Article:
Bipartisan bill to protect undocumented immigrants introduced in Congress
WASHINGTON DC (KWQC) – U.S. Senators Dick Durbin (D-IL) and Lindsey Graham (R-SC) have announced that they will be introducing bipartisan legislation intended to protect young undocumented people. This legislation would protect individuals currently protected by the Deferred Action for Childhood Arrivals (DACA) program if the Trump administration discontinues DACA.
U.S. Senators Lisa Murkowski (R-AK), Dianne Feinstein (D-CA), and Jeff Flake (R-AZ) are the original cosponsors of the bill.
The proposed legislation is called The Bar Removal of Individuals who Dream and Grow our Economy (BRIDGE) Act. Like DACA, the BRIDGE Act would protect young people by providing temporary relief from deportation and work authorization for young adults who were brought to the US as children.
“DREAMers have so much to contribute to this country, their country, and they’ve demonstrated their commitment to the United States in countless ways – by opening businesses, becoming doctors and teachers, and serving in uniform,” Senator Durbin said in a press release. “That’s why I’m proud to work with Senator Graham to ensure that DREAMers are protected from deportation until we are able to provide a permanent fix for our broken immigration system. These kids are Americans at heart and deserve to remain in the only country they call home.”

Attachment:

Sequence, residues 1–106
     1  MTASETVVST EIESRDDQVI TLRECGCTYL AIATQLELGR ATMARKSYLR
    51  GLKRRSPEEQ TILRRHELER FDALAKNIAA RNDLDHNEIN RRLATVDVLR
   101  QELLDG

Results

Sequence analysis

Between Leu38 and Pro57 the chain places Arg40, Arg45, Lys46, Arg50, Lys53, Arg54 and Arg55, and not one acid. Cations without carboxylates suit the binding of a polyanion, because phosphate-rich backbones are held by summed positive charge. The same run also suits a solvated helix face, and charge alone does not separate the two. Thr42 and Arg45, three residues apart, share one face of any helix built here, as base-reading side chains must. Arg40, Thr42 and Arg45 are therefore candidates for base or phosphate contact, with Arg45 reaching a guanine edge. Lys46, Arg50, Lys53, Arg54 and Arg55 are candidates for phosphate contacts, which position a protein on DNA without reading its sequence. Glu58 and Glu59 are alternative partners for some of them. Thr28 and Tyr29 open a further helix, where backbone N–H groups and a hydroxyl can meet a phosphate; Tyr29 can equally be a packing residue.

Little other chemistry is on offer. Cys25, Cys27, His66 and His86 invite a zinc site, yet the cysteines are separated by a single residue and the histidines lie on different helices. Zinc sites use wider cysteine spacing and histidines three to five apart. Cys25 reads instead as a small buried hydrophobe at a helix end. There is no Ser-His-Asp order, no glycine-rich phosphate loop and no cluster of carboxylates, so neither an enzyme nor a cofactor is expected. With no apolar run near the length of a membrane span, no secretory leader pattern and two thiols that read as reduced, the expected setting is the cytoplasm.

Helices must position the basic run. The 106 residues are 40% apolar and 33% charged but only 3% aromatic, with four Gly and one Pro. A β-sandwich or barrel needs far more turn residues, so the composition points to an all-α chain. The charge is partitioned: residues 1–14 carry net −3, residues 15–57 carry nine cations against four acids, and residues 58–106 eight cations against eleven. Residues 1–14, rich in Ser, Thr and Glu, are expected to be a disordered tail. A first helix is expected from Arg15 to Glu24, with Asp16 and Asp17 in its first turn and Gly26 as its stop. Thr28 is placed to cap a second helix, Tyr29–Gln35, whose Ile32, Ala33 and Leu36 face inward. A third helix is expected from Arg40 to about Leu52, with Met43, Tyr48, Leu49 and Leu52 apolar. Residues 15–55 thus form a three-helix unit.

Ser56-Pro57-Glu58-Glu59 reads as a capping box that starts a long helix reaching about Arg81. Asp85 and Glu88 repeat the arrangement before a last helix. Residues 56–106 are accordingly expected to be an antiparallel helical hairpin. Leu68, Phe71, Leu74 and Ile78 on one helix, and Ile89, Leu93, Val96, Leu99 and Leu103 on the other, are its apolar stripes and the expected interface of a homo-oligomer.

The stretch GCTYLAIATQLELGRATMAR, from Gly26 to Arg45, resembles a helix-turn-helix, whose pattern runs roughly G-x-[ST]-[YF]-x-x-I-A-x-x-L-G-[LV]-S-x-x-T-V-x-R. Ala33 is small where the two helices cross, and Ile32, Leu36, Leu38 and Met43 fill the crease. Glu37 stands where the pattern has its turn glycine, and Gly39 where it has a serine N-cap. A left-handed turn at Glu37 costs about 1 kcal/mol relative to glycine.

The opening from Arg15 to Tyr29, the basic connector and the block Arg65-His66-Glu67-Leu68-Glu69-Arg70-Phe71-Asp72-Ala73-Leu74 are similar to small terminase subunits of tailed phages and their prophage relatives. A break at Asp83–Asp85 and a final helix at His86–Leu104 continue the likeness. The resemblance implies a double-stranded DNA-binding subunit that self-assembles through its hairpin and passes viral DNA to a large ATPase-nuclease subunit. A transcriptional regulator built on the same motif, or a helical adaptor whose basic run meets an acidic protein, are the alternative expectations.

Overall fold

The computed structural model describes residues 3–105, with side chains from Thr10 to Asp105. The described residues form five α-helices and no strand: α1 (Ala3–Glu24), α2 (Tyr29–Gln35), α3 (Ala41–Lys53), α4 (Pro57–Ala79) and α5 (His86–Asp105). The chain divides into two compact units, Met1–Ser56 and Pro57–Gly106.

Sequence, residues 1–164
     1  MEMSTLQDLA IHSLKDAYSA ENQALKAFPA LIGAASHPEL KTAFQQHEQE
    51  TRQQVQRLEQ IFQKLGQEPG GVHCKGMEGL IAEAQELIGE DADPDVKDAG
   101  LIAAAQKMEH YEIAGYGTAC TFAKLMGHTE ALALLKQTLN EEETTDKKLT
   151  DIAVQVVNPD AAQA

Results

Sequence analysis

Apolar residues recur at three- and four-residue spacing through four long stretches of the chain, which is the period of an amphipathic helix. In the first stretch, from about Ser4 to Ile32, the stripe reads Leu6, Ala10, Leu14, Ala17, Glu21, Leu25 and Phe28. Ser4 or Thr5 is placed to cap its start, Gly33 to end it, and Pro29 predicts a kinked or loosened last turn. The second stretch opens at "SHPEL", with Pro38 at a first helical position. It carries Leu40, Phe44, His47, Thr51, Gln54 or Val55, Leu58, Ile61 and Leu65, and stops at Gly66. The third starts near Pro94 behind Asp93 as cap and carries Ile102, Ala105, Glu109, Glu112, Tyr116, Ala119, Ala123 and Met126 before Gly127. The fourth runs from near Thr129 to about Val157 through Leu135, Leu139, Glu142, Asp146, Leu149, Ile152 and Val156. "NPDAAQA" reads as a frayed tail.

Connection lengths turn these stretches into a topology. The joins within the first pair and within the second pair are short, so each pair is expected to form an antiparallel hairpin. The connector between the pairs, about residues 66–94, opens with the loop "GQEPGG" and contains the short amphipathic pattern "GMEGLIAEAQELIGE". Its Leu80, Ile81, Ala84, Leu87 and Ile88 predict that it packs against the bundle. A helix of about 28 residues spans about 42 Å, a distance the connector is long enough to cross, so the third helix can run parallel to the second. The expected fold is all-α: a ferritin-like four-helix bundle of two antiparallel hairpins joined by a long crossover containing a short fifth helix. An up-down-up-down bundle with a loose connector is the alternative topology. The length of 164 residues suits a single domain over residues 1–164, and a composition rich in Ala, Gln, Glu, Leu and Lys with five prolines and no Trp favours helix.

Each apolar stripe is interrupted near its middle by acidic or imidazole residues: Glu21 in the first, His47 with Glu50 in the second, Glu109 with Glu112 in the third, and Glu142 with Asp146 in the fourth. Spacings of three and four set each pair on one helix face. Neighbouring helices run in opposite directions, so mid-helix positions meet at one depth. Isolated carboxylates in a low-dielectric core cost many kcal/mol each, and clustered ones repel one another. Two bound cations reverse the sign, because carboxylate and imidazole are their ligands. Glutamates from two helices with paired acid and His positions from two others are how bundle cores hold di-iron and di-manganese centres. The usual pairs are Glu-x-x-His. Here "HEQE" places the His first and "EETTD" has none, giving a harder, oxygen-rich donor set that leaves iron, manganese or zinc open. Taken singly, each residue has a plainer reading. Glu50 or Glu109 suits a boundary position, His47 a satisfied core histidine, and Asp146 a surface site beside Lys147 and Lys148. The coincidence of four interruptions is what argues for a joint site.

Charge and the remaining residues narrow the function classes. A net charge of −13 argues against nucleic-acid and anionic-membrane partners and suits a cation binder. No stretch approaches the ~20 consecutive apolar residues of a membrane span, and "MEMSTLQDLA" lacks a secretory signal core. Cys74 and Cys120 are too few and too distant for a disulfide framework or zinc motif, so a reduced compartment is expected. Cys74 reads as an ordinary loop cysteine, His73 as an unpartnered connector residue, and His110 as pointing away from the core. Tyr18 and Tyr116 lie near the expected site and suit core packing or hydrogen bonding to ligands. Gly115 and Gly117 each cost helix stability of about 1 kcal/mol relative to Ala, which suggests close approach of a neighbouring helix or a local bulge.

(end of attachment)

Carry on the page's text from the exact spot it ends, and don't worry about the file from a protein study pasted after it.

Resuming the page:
Representatives for Senator Durbin provided this information on the BRIDGE Act:
The BRIDGE (Bar Removal of Individuals who Dream and Grow our Economy) Act would provide temporary relief from deportation and employment authorization to individuals who are eligible for the Department of Homeland Security’s Deferred Action for Childhood Arrivals (“DACA”) program.
DACA provides temporary protection from removal and work authorization to young students and veterans who grew up in the United States if they register with the government, pay a fee, and pass a criminal background check. More than 740,000 young people have received DACA. Temporary protection under the BRIDGE Act would ensure that these young people can continue to work and study and be protected from deportation while Congress debates broader legislation to fix our broken immigration system.
The BRIDGE Act would provide “provisional protected presence” and employment authorization to DACA-eligible individuals. A current DACA recipient would receive provisional protected presence until the expiration date of his or her DACA status and could apply for provisional protected presence prior to that expiration. An individual who is not a DACA recipient but who is eligible for DACA could also apply for provisional protected presence.
Applicants would be required to pay a reasonable fee, undergo criminal background checks, and meet a number of eligibility criteria indicating that they came to the United States as minors, grew up in this country, have pursued an education, have not committed any serious crimes, and do not pose a threat to our country.
An individual’s provisional protected presence and employment authorization would be subject to revocation by DHS if the individual no longer met the eligibility criteria.
The BRIDGE Act would provide provisional protected presence and employment authorization for three years after the date of enactment of the legislation.